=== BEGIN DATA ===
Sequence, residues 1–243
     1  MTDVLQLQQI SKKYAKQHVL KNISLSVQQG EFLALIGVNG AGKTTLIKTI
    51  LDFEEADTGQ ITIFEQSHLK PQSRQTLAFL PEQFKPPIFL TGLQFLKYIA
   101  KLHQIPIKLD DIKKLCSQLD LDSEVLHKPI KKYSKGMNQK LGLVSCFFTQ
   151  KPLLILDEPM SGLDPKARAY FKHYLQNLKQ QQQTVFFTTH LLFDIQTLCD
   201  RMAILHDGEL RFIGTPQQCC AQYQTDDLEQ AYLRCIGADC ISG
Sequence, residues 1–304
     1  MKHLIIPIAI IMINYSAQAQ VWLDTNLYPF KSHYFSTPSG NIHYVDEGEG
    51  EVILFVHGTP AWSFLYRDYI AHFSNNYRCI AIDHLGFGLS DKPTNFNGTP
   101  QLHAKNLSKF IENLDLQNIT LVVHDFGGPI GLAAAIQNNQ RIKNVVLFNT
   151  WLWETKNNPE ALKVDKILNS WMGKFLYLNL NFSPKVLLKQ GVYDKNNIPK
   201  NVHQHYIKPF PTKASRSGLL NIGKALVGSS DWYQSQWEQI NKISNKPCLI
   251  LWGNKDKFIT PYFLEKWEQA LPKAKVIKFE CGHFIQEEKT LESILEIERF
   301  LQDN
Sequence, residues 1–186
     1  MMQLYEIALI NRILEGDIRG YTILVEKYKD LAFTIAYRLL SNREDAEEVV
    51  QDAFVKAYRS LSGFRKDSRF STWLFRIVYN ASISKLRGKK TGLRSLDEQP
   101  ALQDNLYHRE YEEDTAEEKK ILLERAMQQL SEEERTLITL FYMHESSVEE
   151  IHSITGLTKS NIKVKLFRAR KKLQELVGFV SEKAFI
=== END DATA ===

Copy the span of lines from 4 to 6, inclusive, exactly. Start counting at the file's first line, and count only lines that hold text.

   101  KLHQIPIKLD DIKKLCSQLD LDSEVLHKPI KKYSKGMNQK LGLVSCFFTQ
   151  KPLLILDEPM SGLDPKARAY FKHYLQNLKQ QQQTVFFTTH LLFDIQTLCD
   201  RMAILHDGEL RFIGTPQQCC AQYQTDDLEQ AYLRCIGADC ISG